The sighted people also believe that shutting their eyes will give them a glimpse of what blind people see. That, however, is not the case. Because of the many causes of blindness, there are many forms of vision loss. Blind people can see big objects, but their vision is out of focus in some situations, while others can see colors.
Light perception, like tunnel vision and other forms of blindness, is the ability to see various sources of light. These facts about blindness and visual impairment broaden the concept of vision impairment in general. One thing to keep in mind is that people born blind have no way of knowing whether they see absolute black or not because they cannot say.
7. There are various degrees of blindness
Although 10–15 percent of the blind population is completely blind, most legally blind people can see shapes, lights, and colors to some degree. Many that have any degree of vision take advantage of what they can see.
8. The blind seems to have a deep sense of love and loyalty.
In America, up to 65 percent of blind and low-vision individuals are married or in a stable relationship, with just 16.5 percent of blind people divorcing. Just about 58 percent of people in the general population are married, and the divorce rate is shockingly high at 40–50 percent. This can be considered one of the unknown statistical facts about blindness and visual impairment that seems surprising.
9. People who are blind can use computers and smartphones
Some visually disabled people have partial vision, allowing them to see a monitor or mobile screen with a magnifier’s help. People with more severe vision loss, on the other hand, use assistive technology to navigate the computer in two ways.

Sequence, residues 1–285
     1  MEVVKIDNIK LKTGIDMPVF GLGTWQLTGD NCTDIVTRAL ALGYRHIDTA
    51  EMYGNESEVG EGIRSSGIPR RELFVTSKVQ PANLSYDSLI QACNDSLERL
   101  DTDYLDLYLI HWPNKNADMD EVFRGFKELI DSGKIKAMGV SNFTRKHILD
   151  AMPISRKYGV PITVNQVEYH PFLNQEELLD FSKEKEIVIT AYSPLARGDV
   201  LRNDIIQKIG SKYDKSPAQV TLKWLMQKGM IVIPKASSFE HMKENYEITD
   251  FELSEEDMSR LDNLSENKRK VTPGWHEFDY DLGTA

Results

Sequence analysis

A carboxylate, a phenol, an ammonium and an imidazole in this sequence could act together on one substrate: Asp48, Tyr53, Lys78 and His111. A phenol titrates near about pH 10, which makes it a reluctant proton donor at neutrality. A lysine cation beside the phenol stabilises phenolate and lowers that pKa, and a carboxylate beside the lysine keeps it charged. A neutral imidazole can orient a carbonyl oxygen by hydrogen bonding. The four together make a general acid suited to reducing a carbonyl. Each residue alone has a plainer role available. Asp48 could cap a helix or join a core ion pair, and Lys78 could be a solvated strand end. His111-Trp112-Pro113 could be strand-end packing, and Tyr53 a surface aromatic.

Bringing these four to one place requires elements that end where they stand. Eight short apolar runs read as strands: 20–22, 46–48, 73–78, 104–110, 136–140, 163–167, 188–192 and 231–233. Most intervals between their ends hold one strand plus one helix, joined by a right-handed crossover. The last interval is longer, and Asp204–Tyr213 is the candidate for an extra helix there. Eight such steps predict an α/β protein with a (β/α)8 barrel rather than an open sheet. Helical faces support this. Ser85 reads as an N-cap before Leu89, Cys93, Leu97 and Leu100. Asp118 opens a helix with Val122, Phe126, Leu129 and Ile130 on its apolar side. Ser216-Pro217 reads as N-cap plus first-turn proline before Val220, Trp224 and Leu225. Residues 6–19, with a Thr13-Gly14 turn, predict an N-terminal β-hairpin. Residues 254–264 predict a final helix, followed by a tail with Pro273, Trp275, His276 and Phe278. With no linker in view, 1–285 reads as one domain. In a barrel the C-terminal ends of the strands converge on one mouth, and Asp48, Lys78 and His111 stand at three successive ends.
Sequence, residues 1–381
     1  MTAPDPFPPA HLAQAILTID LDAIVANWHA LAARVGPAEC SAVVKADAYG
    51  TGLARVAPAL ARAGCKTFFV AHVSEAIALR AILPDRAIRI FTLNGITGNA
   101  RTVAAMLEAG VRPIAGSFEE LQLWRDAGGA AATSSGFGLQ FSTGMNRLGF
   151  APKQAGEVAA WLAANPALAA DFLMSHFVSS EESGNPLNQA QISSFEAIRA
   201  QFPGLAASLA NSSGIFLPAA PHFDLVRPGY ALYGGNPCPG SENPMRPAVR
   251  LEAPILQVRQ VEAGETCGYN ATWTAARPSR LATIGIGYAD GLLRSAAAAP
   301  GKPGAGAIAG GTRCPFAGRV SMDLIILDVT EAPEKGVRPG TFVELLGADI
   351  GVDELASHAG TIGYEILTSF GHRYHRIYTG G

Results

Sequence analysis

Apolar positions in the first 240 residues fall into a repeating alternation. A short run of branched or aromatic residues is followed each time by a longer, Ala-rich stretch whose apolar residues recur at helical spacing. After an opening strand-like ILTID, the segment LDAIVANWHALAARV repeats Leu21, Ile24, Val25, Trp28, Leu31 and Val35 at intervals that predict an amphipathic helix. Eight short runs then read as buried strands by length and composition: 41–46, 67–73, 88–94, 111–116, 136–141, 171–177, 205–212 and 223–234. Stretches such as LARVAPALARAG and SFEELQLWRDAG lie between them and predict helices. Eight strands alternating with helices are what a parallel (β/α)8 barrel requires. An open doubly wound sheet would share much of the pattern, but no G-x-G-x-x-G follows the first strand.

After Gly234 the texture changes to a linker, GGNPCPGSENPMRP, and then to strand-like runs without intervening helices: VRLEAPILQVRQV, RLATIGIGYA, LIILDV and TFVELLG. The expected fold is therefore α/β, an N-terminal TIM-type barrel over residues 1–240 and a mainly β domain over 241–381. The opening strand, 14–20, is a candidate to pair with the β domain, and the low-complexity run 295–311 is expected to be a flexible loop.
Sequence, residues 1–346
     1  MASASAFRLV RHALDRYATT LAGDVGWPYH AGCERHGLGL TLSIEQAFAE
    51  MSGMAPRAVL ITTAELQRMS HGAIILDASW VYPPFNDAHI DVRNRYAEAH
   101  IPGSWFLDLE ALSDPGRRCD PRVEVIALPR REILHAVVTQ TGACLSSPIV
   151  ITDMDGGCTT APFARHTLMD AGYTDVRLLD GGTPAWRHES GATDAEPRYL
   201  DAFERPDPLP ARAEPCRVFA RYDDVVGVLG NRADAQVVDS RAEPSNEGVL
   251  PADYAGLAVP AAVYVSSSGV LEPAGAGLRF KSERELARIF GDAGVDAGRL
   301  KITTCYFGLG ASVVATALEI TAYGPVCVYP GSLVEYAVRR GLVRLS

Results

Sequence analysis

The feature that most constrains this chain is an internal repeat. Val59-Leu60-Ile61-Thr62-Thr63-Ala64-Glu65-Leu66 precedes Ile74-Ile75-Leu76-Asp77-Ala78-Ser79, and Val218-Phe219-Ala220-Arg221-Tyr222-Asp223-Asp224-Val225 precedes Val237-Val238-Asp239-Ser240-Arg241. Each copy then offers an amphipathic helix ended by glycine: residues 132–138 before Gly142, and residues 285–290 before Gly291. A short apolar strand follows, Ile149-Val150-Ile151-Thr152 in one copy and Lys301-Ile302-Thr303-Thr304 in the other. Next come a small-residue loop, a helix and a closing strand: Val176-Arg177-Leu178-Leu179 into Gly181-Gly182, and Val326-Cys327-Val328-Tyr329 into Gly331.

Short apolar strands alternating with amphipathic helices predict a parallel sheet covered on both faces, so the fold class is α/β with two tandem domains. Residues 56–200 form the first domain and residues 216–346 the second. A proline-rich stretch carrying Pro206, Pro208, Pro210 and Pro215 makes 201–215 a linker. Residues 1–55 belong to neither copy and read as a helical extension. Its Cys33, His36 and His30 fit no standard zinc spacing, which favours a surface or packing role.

One method is to use a Braille monitor, which connects to a device and transforms text line by line into Braille. A screen reader, which reads out the details on the computer screen, is another way to use the computer. Individuals can use assistive technology like TalkBack or VoiceOver to access their phone via the latter, which is often introduced on smartphones.
10. There is also the possibility of hiring a guide horse.
That is right, and you read that correctly. Some blind people choose to use guide horses rather than guide dogs. These miniature horses are taught to perform all of the same tasks as a guide dog, making them an excellent choice for people who have dog allergies or are afraid of dogs.
11. Facial gestures are innate in blind people.
Even if a person has been blind since birth, they will smile when they are happy and frown when they are sad. These facts about blindness and visual impairment demonstrate that many of our facial expressions are rooted in our biological code rather than being copied or societal.
12. We can significantly reduce the global number of blind people
That is right: routine health exams and prompt action could prevent or cure 80% of the world’s blindness. Unfortunately, the necessary treatment is not always accessible or affordable, resulting in many people losing sight entirely or partially. These facts about blindness and visual impairment state if the issue is taken seriously and implemented correctly, “World Will Be The Better Place.”
Thus, all the mentioned facts about blindness and visual impairment show how the range of blindness varies and their ability to survive, and some serious issues these individuals face. It is never late to take a step, all the assigned and designated organization for visually impaired people has to start the movement. The research showed 80% if we start by targeting 10%. This result can be achieved in a very short time with strict execution.(Last Updated On: April 16, 2021)